When Barbara Gordon discovered that her hacker handle of Oracle had been co-opted by a computer geek/Batgirl fanboy named Gus who was trying (albeit sloppily) to take her place as the hero The Dark Web deserved, she decided to give him the benefit of the doubt and offer him a chance to help her out.
Black Canary and Huntress thought she was crazy, but having your mobility restored following a revolutionary new surgery and being able to be Batgirl again will do wonders for your sense of optimism. And whatever else can be said about Barbara Gordon, she believes in second chances and the power of redemption.
Of course because Barbara is as paranoid as she is optimistic, she hacked Gus’ computers and security systems so she could keep an eye on him. Because whatever else can be said about Barbara Gordon, she’s also not a complete idiot and isn’t about to blindly trust an admitted black-hat hacker.
When Barbara discovers evidence that Gus was trying to set The Birds of Prey up for an ambush by a mysterious former employer, there will be a reckoning. Gus may finally come clean on his dark past, but what power has a hold on him? And what do they want with The Birds of Prey?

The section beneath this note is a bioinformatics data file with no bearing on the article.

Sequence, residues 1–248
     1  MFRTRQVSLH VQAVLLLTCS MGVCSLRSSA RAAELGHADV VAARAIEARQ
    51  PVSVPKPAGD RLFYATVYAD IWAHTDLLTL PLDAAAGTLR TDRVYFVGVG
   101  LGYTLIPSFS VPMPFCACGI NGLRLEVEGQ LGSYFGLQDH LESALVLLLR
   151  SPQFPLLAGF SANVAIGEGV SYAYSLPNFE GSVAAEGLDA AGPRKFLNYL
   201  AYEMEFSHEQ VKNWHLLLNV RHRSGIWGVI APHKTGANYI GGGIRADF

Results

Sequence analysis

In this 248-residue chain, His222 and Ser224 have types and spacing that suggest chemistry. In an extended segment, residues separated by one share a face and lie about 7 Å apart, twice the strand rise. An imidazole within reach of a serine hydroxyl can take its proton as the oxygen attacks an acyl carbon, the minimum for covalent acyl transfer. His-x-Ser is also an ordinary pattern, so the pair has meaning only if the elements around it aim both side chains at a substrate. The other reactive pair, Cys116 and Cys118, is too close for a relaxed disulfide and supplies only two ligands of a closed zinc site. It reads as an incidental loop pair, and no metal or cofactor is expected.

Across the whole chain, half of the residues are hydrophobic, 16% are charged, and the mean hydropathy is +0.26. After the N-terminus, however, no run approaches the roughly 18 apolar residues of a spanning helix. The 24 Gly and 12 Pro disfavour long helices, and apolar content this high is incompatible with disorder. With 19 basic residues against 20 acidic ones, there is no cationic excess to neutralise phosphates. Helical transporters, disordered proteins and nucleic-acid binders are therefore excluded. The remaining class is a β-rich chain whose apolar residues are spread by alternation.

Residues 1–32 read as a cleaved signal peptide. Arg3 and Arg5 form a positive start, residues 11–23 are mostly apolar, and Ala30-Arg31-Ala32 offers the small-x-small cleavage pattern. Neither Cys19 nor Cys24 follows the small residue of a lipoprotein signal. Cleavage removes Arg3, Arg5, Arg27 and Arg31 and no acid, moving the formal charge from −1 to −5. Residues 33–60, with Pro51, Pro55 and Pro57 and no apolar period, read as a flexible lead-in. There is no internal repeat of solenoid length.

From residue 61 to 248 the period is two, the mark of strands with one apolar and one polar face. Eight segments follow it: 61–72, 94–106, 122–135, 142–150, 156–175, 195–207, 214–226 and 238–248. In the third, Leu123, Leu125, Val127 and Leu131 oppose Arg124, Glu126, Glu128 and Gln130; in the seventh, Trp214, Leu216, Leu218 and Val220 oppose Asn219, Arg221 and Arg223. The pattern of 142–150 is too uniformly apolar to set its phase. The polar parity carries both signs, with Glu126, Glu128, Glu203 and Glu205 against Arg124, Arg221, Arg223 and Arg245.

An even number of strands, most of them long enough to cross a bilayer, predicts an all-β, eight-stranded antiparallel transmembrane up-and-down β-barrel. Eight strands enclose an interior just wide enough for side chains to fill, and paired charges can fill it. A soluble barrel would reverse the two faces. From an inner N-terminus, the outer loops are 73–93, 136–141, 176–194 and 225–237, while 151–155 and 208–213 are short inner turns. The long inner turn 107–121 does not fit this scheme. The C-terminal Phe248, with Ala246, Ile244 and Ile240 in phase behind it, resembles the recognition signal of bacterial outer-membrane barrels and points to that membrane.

This first chapter of Source Code does wonders for addressing a complaint many readers had regarding how quickly Gus was brought into the fold as The All-New Oracle. Unfortunately, most of this issue is devoted to recalling Gus’ backstory and – eventually – the backstory of his secret boss, with the script by Julie and Shawna Benson telling us more than it shows. Granting that restoring this series to the glory days of Gail Simone in the wake of the mess that was The New 52 Birds of Prey is a daunting task, one still wishes that we were getting to see the past adventures of the original Birds team as a full flashback story rather than just getting a few panels of highlights.
Roge Antonio’s artwork is similarly off-putting. There are numerous panels where the characters look odd or off-model, with Gus looking more like a young boy than a twenty-something man. The above panel depicting The Birds looking down at at a trussed-up Gus and their distorted lips and philtrums is another example of a stylistic choice that just doesn’t work.
Thankfully, the art isn’t bad enough to distract from the story but this is one issue of Batgirl and The Birds of Prey that isn’t up to its usual high standard. This is unfortunate because there’s the start of a decent story here underneath the layers of exposition. Hopefully things will be back to normal next month.